If it doesn’t sell at the show, she’ll probably try to sell it at one of the inventory sales she’s planning through her Web site at, Leslie added.

The hat’s not even close to the strangest thing Germer has appraised.

“I’ve done everything from high-end art to bags of dirt,” Germer said with an amused smile. “Yes. Dirt. This guy had an organic soil company that went out of business and he donated his last inventory. So I evaluated the dirt.”

Sometimes, value turns up in the oddest places, he added.

When working with another local client, the 52-year-old Ridgefield High School graduate found a prize that ended up selling for tens of thousands of dollars.

“It was a woman sorting out her aunt’s estate, and the aunt had five of the ugliest figures you ever saw,” Germer said. “It was four people and a bear with blood coming out of its mouth. I thought, ‘this is really well made — but how can anybody craft something this nice that’s also this hideous?’”

The answer seems obvious in retrospect: The Nazis made it.

After some research, Germer found that the set was made by Allach, a ceramics company owned by Heinrich Himmler from 1936-1945. The most rare piece was the growling, sword-wielding porcelain bear, which was a commemorative piece designed to celebrate Finland (forcibly) joining the Axis powers in 1941, Germer said.

“I put them up on our blog site ( and within one day, I had calls from all over the world,” Germer said. “And (the niece) was going to pack them up and give them to Goodwill.”

Often times the items that are most valuable aren’t the obvious ones. Once he went to a client’s house to look at a China cabinet, which turned out to be worthless. Sitting next to it, though, were two beer steins worth about $5,000 each, he said.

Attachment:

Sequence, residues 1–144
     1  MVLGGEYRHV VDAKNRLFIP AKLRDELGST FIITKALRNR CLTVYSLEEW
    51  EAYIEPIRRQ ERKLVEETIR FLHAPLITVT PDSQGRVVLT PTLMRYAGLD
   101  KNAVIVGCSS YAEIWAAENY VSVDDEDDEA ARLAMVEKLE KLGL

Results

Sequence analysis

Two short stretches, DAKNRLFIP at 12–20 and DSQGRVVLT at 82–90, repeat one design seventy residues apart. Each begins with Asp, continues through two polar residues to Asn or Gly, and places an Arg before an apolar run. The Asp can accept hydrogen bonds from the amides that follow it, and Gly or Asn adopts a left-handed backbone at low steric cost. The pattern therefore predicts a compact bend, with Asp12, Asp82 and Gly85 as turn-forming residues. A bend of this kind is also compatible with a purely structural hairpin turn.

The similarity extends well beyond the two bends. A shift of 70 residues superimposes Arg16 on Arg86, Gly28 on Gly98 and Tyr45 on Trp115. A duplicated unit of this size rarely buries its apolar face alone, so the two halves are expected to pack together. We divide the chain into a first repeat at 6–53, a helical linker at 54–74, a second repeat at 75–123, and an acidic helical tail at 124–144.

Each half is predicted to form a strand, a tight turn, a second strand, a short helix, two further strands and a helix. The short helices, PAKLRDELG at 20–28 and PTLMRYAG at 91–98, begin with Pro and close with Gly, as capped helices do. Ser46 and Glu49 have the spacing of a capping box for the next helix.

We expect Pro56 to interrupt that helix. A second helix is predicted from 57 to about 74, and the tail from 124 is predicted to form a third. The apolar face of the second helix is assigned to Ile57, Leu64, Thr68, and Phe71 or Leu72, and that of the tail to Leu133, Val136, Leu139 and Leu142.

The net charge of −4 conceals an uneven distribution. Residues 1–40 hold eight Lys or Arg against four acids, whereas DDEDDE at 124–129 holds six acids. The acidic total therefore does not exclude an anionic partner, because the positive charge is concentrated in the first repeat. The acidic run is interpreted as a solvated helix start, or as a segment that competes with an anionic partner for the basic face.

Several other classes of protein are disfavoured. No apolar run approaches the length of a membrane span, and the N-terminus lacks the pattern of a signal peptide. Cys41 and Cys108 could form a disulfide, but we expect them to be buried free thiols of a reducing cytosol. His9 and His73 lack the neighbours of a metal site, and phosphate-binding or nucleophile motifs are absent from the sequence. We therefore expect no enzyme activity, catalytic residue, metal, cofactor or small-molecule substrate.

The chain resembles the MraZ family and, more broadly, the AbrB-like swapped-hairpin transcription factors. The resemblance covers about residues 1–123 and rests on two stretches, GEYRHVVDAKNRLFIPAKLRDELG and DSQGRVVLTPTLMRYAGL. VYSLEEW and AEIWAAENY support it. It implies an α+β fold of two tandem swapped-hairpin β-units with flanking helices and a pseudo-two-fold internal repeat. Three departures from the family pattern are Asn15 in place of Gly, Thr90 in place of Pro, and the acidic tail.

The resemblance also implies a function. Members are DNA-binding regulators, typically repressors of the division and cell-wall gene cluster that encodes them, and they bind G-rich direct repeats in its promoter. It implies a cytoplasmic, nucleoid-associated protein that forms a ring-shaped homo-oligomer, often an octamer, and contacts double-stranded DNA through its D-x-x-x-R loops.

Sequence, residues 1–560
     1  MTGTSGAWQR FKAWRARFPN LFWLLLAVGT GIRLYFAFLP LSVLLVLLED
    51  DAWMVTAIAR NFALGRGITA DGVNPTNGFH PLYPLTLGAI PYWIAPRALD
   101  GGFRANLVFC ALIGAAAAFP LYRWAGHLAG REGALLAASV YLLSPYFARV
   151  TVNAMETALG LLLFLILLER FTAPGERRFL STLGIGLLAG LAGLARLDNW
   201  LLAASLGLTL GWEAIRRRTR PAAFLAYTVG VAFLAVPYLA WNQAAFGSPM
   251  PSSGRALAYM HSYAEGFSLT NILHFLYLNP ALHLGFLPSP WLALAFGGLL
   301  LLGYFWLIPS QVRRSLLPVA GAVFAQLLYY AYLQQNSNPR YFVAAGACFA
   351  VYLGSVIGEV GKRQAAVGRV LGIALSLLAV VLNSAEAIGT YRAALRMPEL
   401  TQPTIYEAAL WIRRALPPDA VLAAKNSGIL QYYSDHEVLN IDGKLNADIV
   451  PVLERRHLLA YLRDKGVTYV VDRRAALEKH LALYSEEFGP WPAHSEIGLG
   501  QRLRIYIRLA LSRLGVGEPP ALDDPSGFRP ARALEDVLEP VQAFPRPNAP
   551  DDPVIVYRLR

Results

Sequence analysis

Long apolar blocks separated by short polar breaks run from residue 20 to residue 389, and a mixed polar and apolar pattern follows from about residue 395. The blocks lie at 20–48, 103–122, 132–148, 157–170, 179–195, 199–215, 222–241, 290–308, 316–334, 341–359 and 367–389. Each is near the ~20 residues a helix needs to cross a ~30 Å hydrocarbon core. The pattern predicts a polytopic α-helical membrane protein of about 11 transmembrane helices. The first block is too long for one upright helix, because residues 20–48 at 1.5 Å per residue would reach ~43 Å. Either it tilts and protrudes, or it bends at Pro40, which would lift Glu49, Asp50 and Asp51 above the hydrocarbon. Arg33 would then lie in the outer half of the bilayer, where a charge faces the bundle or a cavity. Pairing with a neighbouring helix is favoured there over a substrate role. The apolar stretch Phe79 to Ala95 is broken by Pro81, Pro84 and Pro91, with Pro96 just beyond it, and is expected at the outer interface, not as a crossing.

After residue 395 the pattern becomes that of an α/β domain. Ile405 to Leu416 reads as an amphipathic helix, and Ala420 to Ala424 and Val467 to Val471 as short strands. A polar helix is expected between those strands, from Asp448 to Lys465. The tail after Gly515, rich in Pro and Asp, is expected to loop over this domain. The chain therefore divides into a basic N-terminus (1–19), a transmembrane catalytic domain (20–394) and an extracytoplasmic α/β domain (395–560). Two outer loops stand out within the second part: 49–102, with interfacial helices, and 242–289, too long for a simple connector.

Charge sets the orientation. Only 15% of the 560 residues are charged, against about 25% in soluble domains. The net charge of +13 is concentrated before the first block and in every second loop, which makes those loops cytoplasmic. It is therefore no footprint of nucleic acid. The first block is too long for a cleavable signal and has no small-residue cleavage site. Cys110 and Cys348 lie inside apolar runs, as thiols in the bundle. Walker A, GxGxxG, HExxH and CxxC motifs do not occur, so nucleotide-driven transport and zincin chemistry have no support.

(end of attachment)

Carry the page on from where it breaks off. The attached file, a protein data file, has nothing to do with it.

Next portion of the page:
“That piece that your grandma keeps telling you is worth money isn’t, but that weird thing sitting next to it — that might be worth a fortune,” Germer said.

Collecting is also somewhat in the eye of the beholder, he said.

Personally, Germer collects a few things that just have sentimental value to him.

“I like things that make me laugh,” Germer said. “My favorite is my Betty Boop chalkware and my Liberace Hot Nuts dispenser.”

The Betty Boop figure, like most chalkware (which are gypsum or plaster figurines), was made during the Great Depression. He likes it because his daughters, when they were babies, used to hike themselves up next to the table it was on to stare at it, he said.

“How could I ever get rid of it after that?” Germer said.

He also likes Space Needle memorabilia — like his 1960s lighter in the shape of the Seattle tourist attraction.

“I have a friend that collects toilet paper rolls from various manufacturers,” Germer said. “They’re not used. She just stacks them all around the bathroom.”

Leslie will have a sales booth at the show, but she also collects a few strange things that she keeps for herself, including industrial restaurant ware, she said with a laugh.

“I have these huge mixers and things stacked on top of cabinets in my kitchen,” Leslie said. “I appreciate beautiful furniture, but also the odd and bizarre things, like the hat. The things that make you just shake your head and say ‘wow, somebody thought of that.’”

If you haven’t gone to the show yet, you should really check it out, she added.

“It’s cheap thrills in this day and age with the economy the way it is,” Leslie said. “It’s a great place to not only find anything you’re looking for but also to find things your customers, friends or family might be looking for.”